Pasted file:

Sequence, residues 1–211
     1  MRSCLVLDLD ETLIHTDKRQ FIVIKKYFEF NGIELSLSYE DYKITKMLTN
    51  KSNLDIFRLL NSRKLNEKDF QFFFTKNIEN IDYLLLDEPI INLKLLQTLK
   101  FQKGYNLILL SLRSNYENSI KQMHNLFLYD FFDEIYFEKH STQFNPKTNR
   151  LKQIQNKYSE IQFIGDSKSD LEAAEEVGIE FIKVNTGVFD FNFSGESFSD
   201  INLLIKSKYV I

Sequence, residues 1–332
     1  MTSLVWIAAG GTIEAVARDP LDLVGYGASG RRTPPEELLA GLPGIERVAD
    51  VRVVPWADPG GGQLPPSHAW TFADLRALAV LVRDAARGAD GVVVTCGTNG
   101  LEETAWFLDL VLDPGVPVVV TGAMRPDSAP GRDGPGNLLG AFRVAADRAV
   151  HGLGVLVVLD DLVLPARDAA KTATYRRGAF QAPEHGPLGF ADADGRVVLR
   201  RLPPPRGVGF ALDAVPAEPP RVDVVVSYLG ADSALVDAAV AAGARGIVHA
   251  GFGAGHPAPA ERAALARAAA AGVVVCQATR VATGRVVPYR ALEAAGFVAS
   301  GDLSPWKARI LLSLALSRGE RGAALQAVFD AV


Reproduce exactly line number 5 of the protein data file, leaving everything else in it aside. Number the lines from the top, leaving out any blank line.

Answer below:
   151  LKQIQNKYSE IQFIGDSKSD LEAAEEVGIE FIKVNTGVFD FNFSGESFSD